The broker ensures messages are received and delivered appropriately, but it is a stateless process so it doesn’t use its memory to track this. Instead, the broker uses Bookkeepers (or "bookies") to store message data and the message’s acknowledgement state. A great benefit of Bookkeeper is its quorum policies. These policies make each bookie aware of the other bookies to form a bookkeeper cluster. With a cluster established, the cluster can have acknowledgement rules that form a data replication factor. For example, if you had 3 bookies in a Bookkeeper cluster with an acknowledgement rule that at least 2 of the 3 bookies must have a copy of the data, then the cluster has a replication factor of 2. A Pulsar broker uses the managedLedgerDefaultAckQuorum and managedLedgerDefaultWriteQuorum configurations to set the bounds of this rule. For more about Bookkeeper persistence, see here↗.

When a client produces a message, the broker will not acknowledge receipt until the replication factor has been achieved. Continuing from the above example, if the replication factor is 2, a broker’s acknowledgment means a minimum of 2 bookies have confirmed storage of message data. If the broker times out waiting for at least 2 responses from the bookies, then the broker will not acknowledge receipt with the client. The client will need to handle the exception by attempting to resend or fail. This process forms one of Pulsar’s core values - guaranteed message receipt.

Now that the broker has a message, it guarantees delivery to the associated topic’s subscribers. We refer to this as the broker’s backlog. The size of the backlog is sometimes expressed by the number of messages. For example, a Pulsar operator might say, “we try to keep the backlog below 100 messages.” The number of brokers available to process messages directly impacts the size of the backlog. However, the number of messages is not a meaningful number on its own without knowing the size of the messages. Message size is essential information because it determines how full a bookie’s disk will be. If the backlog has 100 messages that are 4Gb each, then 400Gb is occupied on a bookie’s disk. If the backlog has 100 messages that are 1Kb each, then only 100Kb is occupied on the bookie’s disk. Quite a difference in storage capacity!

Until all subscribers have acknowledged receipt of a message, the broker will not mark a message as acknowledged. This is another core feature of Pulsar - guaranteed message delivery. But there are realities around this - we must assume that all functions, sinks, and clients subscribed to the message’s topic are healthy and programmed correctly to acknowledge receipt.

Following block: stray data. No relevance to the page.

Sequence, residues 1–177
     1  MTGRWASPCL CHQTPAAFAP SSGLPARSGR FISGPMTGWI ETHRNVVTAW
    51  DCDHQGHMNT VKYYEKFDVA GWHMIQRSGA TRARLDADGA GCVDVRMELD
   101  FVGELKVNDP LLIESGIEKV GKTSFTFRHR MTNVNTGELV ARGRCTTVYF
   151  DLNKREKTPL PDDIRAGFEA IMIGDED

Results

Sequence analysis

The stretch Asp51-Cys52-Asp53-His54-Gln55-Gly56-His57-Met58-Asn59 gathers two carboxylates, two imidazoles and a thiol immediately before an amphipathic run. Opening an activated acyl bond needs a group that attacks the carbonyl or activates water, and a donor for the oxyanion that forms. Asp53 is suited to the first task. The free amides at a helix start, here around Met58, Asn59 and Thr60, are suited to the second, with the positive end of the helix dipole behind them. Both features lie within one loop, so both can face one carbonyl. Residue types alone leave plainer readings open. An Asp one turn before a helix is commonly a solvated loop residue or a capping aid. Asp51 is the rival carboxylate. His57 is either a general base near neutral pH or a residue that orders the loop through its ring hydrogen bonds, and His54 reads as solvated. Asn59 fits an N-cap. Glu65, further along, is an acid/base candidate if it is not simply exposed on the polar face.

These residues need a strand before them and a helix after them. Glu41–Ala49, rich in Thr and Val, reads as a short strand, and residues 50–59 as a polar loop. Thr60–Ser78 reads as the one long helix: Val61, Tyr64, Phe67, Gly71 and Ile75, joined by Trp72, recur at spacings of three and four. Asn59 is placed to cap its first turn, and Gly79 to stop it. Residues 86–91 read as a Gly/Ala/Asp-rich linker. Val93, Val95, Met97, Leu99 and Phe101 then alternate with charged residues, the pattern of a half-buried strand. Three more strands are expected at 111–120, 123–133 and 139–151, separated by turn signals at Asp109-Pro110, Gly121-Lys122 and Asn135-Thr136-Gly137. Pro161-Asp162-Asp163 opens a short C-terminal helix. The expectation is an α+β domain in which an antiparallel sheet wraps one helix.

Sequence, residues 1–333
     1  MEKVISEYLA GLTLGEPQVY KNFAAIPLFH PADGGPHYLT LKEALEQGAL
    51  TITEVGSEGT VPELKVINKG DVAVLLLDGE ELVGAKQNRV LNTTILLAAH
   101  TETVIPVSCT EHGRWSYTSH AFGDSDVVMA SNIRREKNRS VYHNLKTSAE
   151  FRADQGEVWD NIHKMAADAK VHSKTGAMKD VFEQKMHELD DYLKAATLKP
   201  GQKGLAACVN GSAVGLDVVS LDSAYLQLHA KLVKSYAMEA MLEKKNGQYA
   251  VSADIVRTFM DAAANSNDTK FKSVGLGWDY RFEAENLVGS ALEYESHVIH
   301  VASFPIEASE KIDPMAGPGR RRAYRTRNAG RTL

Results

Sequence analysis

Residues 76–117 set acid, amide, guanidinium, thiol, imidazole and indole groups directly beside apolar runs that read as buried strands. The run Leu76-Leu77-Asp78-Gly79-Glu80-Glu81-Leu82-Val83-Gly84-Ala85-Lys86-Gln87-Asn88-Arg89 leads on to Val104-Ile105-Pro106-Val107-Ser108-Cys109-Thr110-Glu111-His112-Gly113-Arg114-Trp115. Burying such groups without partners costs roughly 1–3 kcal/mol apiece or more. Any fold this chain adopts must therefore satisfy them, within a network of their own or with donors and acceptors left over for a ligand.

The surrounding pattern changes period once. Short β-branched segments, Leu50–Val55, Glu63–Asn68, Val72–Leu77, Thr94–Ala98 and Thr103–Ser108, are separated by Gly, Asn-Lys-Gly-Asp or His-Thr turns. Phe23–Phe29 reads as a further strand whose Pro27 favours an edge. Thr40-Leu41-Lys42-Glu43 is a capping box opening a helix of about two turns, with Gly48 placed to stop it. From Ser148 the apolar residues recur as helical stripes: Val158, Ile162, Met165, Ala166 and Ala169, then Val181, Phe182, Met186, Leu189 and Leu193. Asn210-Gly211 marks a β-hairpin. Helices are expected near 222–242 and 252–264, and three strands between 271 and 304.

Unfortunately, this isn’t realistic. Things happen. Processes lock up. Networks go down. If we tell Pulsar to indefinitely attempt message delivery to all subscribers on all topics, the backlog would grow out of control, with bookie disks continuously filling and never draining. So, guaranteed message delivery must be managed with some rules.

Pulsar has different ways of managing the broker’s backlog (ie: guaranteed message delivery). Combining these different settings make up the rules of message retention. The rules of message retention directly impact how full a bookie’s disk can be. We can’t cover every possability within Pulsar’s message retention system, so we will focus on 3 key areas and let those drive our sizing calculation. For more on message retention and expiration, see Pulsar’s message retention and expiry documentation↗.

Retention policy

The broker’s goal is to mark a message for deletion, which means all subscribers have acknowledged message receipt and the message can be removed from the bookie’s disk. Don’t confuse this with Pulsar’s tiered storage, where you can store the broker’s backlog for a very long time. This is a different concept than retention. Sometimes you want acknowledged messages to stay on disk for a certain period of time, or until a certain size threshold has been reached. For example, when a client is constantly reading a topic’s messages and needs to have the same low latency performance as a consumer of unacknowledged messages, a highly performant reader is required.

Retention can be expressed in size or time. Expressed as size, when the broker’s backlog reaches some size threshold (in Mb), it will begin marking the oldest acknowledged messages for deletion until the size is reduced. Expressed in time, any acknowledged messages older than some time period (like 3 hours) will be marked for deletion. Size and time can also be used together to create a more comprehensive retention rule.

Pulsar’s default behavior disables retention policy, so our sizing calculations will assume this configuration. When all subscribers have acknowledged, the message is removed.

Backlog quota size

As mentioned above, the broker’s backlog size is directly proportional to how much disk is being consumed on a bookie. Pulsar provides the option to set thresholds of how large the backlog of a certain namespace can get. A policy can also be set to manage behavior for when that backlog threshold is passed.

Pulsar’s default is to not set a backlog quote on a namespace, so our sizing calculations will assume this configuration.

Message time to live (TTL)

TTL determines how long an unacknowledged message will last in the backlog before it is marked for deletion. Pulsar’s default behavior disables TTL and stores unacked messages forever, but in a production cluster, there must be limits in place to prevent bookie disks from filling up and crippling a cluster’s health.

The TTL parameter is like a stopwatch attached to each message that defines the amount of time a message is allowed to stay unacknowledged. When the TTL expires, Pulsar automatically moves the message to the acknowledged state (and thus makes it ready for deletion).